The directors of co-operatives frequently act as managers as well. A director in a small co-operative often deals with all aspects of the business, such as:
- buying or leasing premises
- doing the banking
- ordering goods and services
- operating retail outlets
- preparing proper accounts and tax returns
- paying suppliers and organising insurance
In larger co-operatives, employees usually manage the day-to-day work. Directors focus on:
- the long-term business and financial planning
- assessing the performance aspects of the business
- appointing executives
- maintaining good employee relations
- researching new opportunities
- deciding profit distribution among shareholders
Directors and officers of co-operatives have certain obligations and duties under the Co-operatives National Law. These include:
Acting honestly- Theft or misuse of co-operative funds and property is a serious offence. As is making decisions knowing they could be harmful to the co-operative's interests.
Acting with care and diligence - Directors and officers should be adequately informed. They should seek professional advice if necessary. Directors and officers should be active at board meetings in response to directors' proposals and their effects on the co-operative. They should be aware of management direction.
Not disclosing or misusing inside or confidential information - Officers and employees must not use their position to harm the co-operative, or to gain advantage for themselves or someone else. This includes former officers and employees.
Directors must also disclose any conflict between personal interest and duty as a director. If there is a conflict of interest, the director must not be present when the matter is discussed and decided by the board (unless the board agrees otherwise).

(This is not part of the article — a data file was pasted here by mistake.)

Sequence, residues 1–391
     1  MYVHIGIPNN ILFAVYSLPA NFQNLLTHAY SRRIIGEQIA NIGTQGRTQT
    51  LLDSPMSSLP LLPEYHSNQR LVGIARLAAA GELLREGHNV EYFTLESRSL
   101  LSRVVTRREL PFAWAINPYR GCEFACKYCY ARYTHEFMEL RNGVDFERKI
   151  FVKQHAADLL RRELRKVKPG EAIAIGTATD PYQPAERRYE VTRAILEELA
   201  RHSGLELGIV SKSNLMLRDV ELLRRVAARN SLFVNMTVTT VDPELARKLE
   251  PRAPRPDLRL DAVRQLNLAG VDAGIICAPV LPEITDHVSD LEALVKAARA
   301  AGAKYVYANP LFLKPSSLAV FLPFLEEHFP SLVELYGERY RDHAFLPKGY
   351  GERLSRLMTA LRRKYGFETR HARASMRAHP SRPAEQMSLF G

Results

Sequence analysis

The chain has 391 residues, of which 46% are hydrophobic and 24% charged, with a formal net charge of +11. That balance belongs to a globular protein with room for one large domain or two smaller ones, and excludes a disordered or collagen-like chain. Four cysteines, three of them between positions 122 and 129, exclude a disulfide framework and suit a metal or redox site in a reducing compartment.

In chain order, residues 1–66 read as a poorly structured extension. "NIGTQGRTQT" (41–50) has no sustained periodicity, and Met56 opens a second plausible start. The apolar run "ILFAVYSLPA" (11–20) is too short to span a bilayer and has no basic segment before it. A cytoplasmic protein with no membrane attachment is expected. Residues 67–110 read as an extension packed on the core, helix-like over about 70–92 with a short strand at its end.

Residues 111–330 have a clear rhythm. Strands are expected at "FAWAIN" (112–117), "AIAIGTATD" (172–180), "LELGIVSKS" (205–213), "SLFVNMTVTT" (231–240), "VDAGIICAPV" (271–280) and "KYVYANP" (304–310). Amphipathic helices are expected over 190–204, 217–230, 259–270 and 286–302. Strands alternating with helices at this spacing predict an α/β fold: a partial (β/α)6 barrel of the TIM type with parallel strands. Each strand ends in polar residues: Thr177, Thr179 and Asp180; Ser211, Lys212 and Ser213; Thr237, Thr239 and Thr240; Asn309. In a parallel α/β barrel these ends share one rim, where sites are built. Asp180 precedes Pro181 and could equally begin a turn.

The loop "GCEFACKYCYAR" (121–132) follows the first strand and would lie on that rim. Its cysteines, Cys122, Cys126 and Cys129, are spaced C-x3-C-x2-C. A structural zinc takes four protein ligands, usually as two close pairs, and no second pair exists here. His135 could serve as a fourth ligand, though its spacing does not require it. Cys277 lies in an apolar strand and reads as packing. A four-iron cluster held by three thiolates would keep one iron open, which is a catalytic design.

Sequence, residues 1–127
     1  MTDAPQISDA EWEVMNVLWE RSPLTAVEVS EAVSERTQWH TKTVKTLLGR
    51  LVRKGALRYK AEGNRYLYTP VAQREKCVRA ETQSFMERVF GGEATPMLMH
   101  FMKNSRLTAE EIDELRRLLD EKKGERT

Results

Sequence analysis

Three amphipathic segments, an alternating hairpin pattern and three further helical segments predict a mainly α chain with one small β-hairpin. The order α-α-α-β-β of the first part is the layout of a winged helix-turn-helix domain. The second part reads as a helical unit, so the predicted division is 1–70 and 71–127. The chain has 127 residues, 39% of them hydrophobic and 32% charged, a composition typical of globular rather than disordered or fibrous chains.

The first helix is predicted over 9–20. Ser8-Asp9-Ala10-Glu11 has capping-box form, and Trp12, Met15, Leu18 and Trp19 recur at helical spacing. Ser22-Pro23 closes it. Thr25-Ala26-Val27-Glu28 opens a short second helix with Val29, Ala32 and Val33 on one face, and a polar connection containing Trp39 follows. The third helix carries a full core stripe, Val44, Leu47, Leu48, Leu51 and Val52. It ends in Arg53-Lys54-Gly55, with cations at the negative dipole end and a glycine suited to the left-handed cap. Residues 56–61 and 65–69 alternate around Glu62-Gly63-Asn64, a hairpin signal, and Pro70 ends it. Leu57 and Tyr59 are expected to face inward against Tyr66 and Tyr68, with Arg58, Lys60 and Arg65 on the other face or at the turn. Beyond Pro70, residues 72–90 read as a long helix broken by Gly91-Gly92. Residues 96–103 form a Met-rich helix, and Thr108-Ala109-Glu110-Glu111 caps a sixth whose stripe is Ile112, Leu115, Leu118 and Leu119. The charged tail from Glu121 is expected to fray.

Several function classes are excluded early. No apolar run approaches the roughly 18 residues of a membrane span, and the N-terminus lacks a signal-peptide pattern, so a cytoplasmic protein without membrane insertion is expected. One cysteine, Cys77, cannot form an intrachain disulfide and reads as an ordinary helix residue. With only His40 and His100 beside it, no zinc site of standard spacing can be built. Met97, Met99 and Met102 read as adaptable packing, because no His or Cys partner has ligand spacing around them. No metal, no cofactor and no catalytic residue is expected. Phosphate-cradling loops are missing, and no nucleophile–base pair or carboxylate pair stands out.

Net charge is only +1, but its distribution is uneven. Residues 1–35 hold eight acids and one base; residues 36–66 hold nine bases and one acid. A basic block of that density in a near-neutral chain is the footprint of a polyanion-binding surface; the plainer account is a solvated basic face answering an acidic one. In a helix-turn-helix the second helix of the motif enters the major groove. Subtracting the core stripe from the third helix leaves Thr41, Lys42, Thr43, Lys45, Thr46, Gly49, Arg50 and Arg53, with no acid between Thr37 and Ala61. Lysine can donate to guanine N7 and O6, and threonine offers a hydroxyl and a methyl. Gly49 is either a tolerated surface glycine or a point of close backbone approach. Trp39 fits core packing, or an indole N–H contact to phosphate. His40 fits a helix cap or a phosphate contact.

Ensuring the co-operative can meet its financial obligations - A co-operative director must prevent the co-operative from incurring a debt if they suspect it is insolvent, or if it would become insolvent by incurring the debt.
Personal responsibilities of directors
Director duties are imposed upon directors as individuals. Therefore each director is personally responsible for their decisions and actions as a director. As these duties stem from different sources of law, enforcing them has different consequences.
|Type of Duty||Description|
|Fiduciary||duties are owed to the co-operative. If a director breaches a duty, the co-operative (or sometimes members on behalf of the co-operative) has the right to sue and enforce that duty by seeking compensation or injunctions against individual director(s)|
|Statutory||duties are enforceable by the Registrar. Penalties for breaching them can range from compensation orders to fines and, in some cases, terms of imprisonment. Statutory duties apply usually to officers of a co-operative. This includes directors, as well as persons engaged in the management of the co-operative and, in some cases, employees|
|Contractual||duties that arise under the rules are duties owed to the co-operative or its members. Directors breaching these duties may be subject to legal action from the co-operative or its members|
Major Categories of Director's duties
There are five major categories of director duties:
1. The duty to act in good faith (honestly) in the interests of the co-operative
The director must take into account the best interests of the co-operative and act in those interests rather than for any other motive.
2. The duty to act with reasonable care